Chris Henn
Chris' Story

Chris joined Watsi on April 7th, 2014. 39 other people also joined Watsi on that day! Chris' most recent donation traveled 9,000 miles to support Kuminga, a farmer from Malawi, for prostate surgery.

Impact

Chris has funded healthcare for 20 patients in 9 countries.

All patients funded by Chris

At 19 months old, Kanakate is an active little girl who loves talking, running, and taking walks with her parents near their home in Ethiopia. “Kanakate was born with a birth defect called anorectal malformation,” our medical partner, African Mission Healthcare Foundation (AMHF), tells us. “Children with this defect have an imperforate anus, or they have no opening where the anus should have been. As a result, Kanakate cannot pass stool in the normal way.” Treatment for an anorectal malformation typically involves three surgical procedures. In the first procedure—a colostomy—doctors pull an end of the colon through a cut in the abdominal wall and suture it in place to create an opening for passing stool. This is followed by an anorectoplasty to create an anal opening and then, two or three months later, a colostomy closure. Kanakate underwent an emergency colostomy after she developed a bowel obstruction. Currently, “Kanakate has multiple issues with her colostomy care and associated complications from the colostomy,” explains AMHF. Because of these issues, the next steps in her care—anorectoplasty and colostomy closure—are more urgent. Kanakate’s parents, who work as farmers, have been unable to afford the care that she needs. “We have no money to cover our child's hospital bill. And that is really worrying us,” shares her father. In addition, the social stigma associated with Kanakate’s condition has been challenging for the family. $1,500 covers the costs of the final two surgical procedures and inpatient care, including labs, imaging, pain medicine, and antibiotics. After surgery, “Kanakate will be able to pass stool in a normal way,” says AMHF. “We hope that our daughter will get treatment and be well after all these months of waiting for treatment,” says Kanakate’s father.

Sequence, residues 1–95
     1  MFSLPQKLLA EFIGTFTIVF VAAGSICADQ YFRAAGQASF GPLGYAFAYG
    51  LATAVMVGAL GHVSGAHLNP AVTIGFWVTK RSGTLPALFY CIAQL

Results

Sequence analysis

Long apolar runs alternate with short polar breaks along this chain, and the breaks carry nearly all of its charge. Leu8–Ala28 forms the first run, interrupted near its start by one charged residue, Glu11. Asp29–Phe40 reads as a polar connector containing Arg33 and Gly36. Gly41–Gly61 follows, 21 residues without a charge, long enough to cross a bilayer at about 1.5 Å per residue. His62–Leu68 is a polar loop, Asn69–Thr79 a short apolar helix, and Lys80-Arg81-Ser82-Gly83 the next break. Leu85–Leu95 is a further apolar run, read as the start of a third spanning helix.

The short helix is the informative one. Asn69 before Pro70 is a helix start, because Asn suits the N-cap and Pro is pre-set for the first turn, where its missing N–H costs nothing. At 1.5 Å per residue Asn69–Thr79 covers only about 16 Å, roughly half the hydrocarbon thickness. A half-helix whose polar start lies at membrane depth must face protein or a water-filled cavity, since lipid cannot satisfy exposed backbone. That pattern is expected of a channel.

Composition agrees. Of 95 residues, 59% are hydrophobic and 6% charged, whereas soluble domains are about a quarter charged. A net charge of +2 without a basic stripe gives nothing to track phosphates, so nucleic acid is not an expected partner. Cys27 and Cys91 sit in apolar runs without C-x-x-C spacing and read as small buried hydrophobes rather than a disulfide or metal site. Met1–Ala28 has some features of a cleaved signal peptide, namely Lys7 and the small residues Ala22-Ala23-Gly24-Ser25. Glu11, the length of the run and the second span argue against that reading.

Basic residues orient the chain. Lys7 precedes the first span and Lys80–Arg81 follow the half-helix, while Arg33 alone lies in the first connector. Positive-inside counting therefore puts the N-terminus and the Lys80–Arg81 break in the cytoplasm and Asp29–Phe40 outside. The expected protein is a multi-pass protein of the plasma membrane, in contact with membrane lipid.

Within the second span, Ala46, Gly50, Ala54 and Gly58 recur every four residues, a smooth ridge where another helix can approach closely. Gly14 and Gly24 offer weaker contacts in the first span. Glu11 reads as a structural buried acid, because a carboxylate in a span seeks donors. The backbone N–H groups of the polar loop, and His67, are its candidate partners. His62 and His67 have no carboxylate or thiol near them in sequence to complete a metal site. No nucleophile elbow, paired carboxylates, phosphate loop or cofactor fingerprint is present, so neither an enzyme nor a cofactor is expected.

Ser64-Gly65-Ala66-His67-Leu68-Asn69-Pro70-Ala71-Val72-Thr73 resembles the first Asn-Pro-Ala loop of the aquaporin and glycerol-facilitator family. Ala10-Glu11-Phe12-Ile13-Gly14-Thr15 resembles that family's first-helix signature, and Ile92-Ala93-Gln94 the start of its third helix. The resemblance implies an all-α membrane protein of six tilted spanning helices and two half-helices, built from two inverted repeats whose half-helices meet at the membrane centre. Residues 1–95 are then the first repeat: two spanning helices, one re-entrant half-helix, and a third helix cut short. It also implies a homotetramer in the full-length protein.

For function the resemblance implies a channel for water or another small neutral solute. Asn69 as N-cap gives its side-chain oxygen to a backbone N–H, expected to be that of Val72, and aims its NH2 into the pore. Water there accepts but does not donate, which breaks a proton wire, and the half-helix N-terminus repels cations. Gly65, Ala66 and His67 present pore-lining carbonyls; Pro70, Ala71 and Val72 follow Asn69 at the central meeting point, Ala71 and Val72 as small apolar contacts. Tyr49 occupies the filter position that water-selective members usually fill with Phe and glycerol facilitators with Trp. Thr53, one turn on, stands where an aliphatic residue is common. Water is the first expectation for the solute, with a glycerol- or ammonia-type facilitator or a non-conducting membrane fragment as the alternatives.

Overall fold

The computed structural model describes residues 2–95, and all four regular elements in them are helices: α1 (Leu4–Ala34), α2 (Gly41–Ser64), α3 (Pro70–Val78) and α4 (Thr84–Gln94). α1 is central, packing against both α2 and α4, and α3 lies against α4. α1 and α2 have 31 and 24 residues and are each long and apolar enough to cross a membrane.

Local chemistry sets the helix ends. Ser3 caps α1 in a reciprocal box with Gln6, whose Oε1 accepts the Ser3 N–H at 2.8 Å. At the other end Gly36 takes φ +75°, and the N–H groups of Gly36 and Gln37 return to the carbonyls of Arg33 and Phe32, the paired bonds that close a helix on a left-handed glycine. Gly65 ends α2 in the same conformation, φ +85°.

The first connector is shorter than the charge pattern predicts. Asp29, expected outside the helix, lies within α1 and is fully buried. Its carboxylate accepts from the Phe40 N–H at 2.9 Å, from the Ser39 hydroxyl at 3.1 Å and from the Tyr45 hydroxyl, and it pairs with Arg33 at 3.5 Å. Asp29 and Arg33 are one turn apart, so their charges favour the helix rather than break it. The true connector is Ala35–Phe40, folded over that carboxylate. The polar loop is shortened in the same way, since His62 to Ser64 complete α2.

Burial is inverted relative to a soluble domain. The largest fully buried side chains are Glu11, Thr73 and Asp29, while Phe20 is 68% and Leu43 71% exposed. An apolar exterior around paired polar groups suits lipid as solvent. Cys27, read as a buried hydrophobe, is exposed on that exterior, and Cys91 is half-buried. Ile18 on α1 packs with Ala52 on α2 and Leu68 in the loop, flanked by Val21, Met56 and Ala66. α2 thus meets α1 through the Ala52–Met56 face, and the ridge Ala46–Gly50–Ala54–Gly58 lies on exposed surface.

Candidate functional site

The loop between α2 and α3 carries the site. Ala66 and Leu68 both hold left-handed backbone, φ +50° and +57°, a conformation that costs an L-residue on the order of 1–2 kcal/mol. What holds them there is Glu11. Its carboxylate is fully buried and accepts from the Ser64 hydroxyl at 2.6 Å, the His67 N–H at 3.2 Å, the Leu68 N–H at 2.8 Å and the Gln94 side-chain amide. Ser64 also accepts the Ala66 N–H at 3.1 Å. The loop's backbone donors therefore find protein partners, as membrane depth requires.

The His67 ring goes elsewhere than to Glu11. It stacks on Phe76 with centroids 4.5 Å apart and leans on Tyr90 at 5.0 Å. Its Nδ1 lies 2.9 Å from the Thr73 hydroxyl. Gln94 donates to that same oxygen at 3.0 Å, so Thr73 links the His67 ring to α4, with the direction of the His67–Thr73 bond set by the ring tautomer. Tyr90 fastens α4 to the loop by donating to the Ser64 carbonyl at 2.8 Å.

$1,500raised
Fully funded

Mercy is a six-month-old girl from Kenya. She was brought to our medical partner, African Mission Healthcare Foundation (AMHF), by her parents and her uncle. Mercy lives in a two room house with six other siblings where her mother watches over the family at home and nearby, her father works in a tea factory. When Mercy was born, she developed a sac-like protrusion on the lower backbone. This open defect on her spine, a condition called spina bifida, has already been hindering her normal development for the last few months. The congenital deformity is often a consequence of fetal hydrocephalus where cerebrospinal fluid adds pressure to the spinal cord. “Mercy came to the hospital with a leaking mass, so surgery must be done [promptly] to avoid severe infection and other complications,” explains AMHF. If her condition goes untreated, tethered cord syndrome is likely to develop, resulting in a permanently hunched back or a spine bent sideways. Mercy requires $805 for a spina bifida closure surgery, in which a surgeon will correct, reconstruct, and close the deformity. Long term monitoring and braces are part of the treatment process to observe her walking ability and gauge surgery success. AMHF believes the surgery will eliminate infections, prevent more nerve damage in the future, and decrease her chances of developing tethered cord syndrome. Mercy's father says, "I hope Mercy will get treatment and this condition will be past us. Please help us make her treatment possible."

$805raised
Fully funded

“Zaw is a playful 19-month-old baby who suffers from a neurological condition called encephalocele,” our medical partner, Burma Border Projects (BBP), tells us. Zaw lives with his parents, sister, and grandmother in Burma. An encephalocele is a sac of brain tissue that protrudes through a structural gap in the front or back of the skull. They are very rare, occurring in one in 5,000 births. Protrusions in the front of the skull—as is the case with little Zaw—are more common in Southeast Asia than those at the back and may cause difficulty seeing, breathing, or eating. Infection of the encephalocele due to injury or rupture is a major concern and can be life-threatening. BBP continues, “Since Zaw was born, the mass has now grown. It covers the bridge of his nose, the top of his left cheek, and his left eye. If something accidently touches the mass on his face, then he cries loudly, but otherwise he is a playful, happy little boy.” Zaw’s father works as a day laborer in construction, and his mother stays at home to take care of Zaw and his sister. They have been very worried about their son’s condition. $1,500 will fund surgery to remove Zaw's encephalocele, repair the hole in his skull with a bone graft, and reconstruct his face. Funding also covers eight days of hospital care, transportation to and from the hospital, and three post-operative follow-up appointments. BBP says, “Encephalocele repair will improve Zaw's future. He will no longer have disfiguration and will also be able to see and breathe better.” Let’s help fund surgery for Zaw!